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Columbus, Ohio is considering throwing its hat in the ring for the $40 million federal Smart City Challenge that will transform the city into a next generation transportation concern.
As reported in GovTech.com, Columbus is weighing a bid for the U.S. Department of Transport’s $40 million Smart City grant. The winning city will use the money for developing advance technologies to improve the environmental impacts of travel and to reduce congestion.
If the city wins the federal challenge, Columbus would also get an additional $10 million from Vulcan Inc. for electric vehicle projects.
Columbus is among seven cities that are finalists for the grant, including Pittsburgh, Penn. which is hoping to leverage the grant to build a $100 million smart city fund if it wins. As part of the challenge, Transportation Secretary Anthony Foxx is visiting all seven cities contending for the grant.
“We want to see what we invest in work,” said Foxx from Columbus on Monday. “We’re really looking at what you want to accomplish and how well suited you are to get there and what difference our investment will make here versus someplace else and whether we get more distance out of that investment here.”
Columbus – a midwestern Silicon Valley?
The city will need to have submitted its application by this past Friday. Regardless of the federal contest, city leaders say Columbus was already examining the potential for self-driving cars, electric vehicles and transport-related payment systems.
Columbus Mayor Andrew Ginther has even gone so far as to say that the city has aspirations to become “the Silicon Valley of intelligent transportation systems.”
Meanwhile, other politicians are throwing their weight behind a Columbus Smart City Challenge bid, including Ohio Sen. Sherrod Brown.
“I think Columbus has an advantage,” said Brown. “Columbus is really sort of every person’s city in this country. If it works in Columbus, it works, we know that. We’ve been a test center for so many corporations.”
The U.S. Department of Transport says it plans to announce the winning city at the end of June.
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With the health and fitness wearables segment growing rapidly, big players are bulking up in order to compete in a fast growing global market.
In a recent article, TheStreet.com observes the mounting consolidation-related activity in the health wearables space. And with Woodside Capital Partners predicting global shipments of wearables to grow from 19.6 million units in 2014 to 126.1 million in 2019, investment in the segment that includes fitness and health wearables are growing at light speed.
The article cites the wave of consolidation that is beginning to become apparent in such deals as Nokia’s purchase of French consumer wearable-maker Withings and the acquisition of activity trackers Misfit by Texas-based watch maker Fossil Group.
“The big players are smelling a big market,” said Ventech managing partner Jean Bourcereau.
And the size of the company is particularly important for manufacturers of health and fitness wearable devices in this explosive market.
Emanuele Levi, general partner with Paris-based venture capital firm 360 Capital Partners estimates that only about 10 firms worldwide ship more than a million units per year. Meanwhile, the remainder of the market is made up of smaller players who do not understand they need to very rapidly become much bigger to remain competitive in such a fast-growing market.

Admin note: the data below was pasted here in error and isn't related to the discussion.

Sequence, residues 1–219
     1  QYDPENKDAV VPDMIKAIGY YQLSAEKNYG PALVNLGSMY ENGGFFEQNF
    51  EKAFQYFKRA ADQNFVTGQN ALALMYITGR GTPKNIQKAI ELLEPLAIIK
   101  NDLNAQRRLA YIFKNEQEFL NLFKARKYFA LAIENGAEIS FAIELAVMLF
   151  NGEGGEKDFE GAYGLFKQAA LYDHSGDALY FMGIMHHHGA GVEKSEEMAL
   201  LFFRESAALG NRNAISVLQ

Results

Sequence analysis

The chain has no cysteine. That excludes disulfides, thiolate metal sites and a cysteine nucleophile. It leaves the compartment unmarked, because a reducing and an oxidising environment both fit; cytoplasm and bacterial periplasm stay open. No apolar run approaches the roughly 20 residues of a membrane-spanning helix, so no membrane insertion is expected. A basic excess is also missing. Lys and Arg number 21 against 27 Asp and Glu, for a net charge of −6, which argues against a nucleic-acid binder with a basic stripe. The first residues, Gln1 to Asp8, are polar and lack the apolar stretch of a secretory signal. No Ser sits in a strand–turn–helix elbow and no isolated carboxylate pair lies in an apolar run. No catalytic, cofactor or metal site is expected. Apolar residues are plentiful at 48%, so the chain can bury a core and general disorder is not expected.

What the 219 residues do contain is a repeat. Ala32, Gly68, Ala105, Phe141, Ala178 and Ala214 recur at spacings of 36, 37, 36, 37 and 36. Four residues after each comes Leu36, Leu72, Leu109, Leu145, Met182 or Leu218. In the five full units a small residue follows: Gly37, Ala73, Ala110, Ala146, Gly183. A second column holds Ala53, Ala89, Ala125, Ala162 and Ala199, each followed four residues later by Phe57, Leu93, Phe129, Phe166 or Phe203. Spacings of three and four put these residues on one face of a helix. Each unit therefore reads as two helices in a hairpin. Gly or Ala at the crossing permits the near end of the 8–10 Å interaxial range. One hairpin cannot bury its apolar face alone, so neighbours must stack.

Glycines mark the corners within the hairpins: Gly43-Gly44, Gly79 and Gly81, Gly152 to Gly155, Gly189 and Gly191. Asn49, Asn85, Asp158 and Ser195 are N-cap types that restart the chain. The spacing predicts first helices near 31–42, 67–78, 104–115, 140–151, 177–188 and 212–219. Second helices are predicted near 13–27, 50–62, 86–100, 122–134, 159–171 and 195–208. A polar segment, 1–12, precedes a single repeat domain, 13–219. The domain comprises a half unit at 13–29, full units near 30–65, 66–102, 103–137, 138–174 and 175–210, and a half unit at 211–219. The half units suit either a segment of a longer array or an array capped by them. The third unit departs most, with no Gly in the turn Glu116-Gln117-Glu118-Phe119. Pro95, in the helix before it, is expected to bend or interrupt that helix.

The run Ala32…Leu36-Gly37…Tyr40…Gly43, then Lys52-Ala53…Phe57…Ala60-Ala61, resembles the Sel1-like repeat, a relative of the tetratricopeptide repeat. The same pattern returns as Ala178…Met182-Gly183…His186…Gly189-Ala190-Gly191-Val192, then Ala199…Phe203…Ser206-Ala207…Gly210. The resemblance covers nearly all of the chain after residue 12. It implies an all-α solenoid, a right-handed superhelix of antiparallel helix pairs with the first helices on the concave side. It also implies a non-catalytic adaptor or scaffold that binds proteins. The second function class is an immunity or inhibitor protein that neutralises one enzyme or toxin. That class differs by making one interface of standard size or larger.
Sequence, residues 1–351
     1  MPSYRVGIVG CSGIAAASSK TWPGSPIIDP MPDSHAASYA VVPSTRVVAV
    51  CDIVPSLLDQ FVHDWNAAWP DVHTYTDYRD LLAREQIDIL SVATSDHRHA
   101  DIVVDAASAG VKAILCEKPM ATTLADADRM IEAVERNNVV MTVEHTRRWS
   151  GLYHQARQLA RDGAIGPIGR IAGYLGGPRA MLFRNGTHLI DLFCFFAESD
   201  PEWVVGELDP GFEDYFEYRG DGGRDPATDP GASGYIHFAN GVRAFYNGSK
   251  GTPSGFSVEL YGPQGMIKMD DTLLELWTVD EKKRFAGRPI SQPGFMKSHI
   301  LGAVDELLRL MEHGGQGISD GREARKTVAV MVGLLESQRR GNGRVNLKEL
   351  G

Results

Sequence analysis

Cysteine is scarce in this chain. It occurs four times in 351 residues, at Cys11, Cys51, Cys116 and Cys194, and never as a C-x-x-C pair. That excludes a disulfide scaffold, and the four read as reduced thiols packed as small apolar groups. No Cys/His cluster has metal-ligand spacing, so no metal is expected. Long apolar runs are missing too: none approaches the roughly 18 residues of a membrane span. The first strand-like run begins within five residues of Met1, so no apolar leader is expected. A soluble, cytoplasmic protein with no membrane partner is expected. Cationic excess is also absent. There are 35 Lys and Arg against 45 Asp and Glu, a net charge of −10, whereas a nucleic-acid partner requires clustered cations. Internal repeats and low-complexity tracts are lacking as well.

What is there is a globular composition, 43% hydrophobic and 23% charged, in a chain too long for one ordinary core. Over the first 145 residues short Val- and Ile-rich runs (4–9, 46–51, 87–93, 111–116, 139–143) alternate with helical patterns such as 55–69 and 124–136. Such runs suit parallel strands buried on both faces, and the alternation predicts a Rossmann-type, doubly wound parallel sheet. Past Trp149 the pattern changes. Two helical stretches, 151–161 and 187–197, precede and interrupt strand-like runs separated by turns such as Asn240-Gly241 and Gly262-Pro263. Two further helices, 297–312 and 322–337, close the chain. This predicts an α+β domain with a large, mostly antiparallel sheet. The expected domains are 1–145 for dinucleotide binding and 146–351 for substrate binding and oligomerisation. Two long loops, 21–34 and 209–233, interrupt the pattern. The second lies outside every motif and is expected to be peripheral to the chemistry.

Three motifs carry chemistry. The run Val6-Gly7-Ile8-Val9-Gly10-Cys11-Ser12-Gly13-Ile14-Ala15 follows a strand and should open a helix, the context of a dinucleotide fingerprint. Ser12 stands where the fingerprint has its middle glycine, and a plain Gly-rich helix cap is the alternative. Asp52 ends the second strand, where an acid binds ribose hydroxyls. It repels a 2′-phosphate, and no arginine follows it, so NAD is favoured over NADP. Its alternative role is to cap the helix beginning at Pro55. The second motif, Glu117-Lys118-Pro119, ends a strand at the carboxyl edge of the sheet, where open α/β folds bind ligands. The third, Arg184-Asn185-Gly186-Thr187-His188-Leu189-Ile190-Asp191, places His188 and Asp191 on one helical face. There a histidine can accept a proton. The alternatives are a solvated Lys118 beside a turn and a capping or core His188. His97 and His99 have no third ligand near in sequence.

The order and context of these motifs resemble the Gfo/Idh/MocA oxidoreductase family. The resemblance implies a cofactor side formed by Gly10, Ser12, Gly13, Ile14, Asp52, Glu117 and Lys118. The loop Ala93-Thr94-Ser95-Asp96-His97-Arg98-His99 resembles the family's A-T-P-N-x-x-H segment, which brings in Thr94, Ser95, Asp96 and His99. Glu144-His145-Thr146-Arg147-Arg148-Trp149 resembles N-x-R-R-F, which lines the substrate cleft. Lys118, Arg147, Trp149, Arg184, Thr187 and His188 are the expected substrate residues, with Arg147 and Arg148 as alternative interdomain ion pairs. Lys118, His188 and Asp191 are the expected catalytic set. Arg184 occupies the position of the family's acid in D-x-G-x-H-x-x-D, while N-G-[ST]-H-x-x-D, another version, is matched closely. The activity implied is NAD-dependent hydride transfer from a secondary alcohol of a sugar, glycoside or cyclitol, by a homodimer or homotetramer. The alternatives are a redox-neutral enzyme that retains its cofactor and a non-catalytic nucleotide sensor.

“They think they can [make] a nice device, which is very similar to the existing ones, but maybe with a little twist, and they think they can build from scratch a business,” he said.
Levi also says that wearable manufacturers need to develop coherent strategies for effectively monetizing the huge amounts of data they are generating through their connected devices.
“The wearable business becomes extremely interesting if they monetize the data,” he said. “I’ve seen very few cases of wearable companies that are capable of developing a unique application and monetizing their user base or the data they collect.”
Fitness wearables firms aren’t waiting for suitors
And while acquisitions in the wearables space begins to gain momentum, some players are choosing to go it alone rather than pursue tie-ups.
Fitbit, the San Francisco-based industry leader in fitness bands, decided to go public in June 2015 to remain independent. Not only does staying independent allow tech firms to remain competitive with the big players, but it gives them added impetus when challenging increasing government regulation of data tracked by health and wellness devices.
“You need to be able to raise enough money before you go the regulators,” said Frederic Cazals, whose law firm Weil, Gotshal & Manges advised Withings. “In the U.S., you have to discuss with the regulatory authorities and it’s not easy to be able to develop objects that you can sell all over the world.”
Meanwhile, European wearable manufacturers may find it more difficult to stay independent in the current environment. Which may be why Euro firms are beginning to explore the benefits of going public on Nasdaq after building a presence in America, where the majority of the current market is located. According to MaRS Discovery District North America comprised 52% of global sales value of medical wearable devices and 44% of connected fitness devices, versus only about 25% for Europe.
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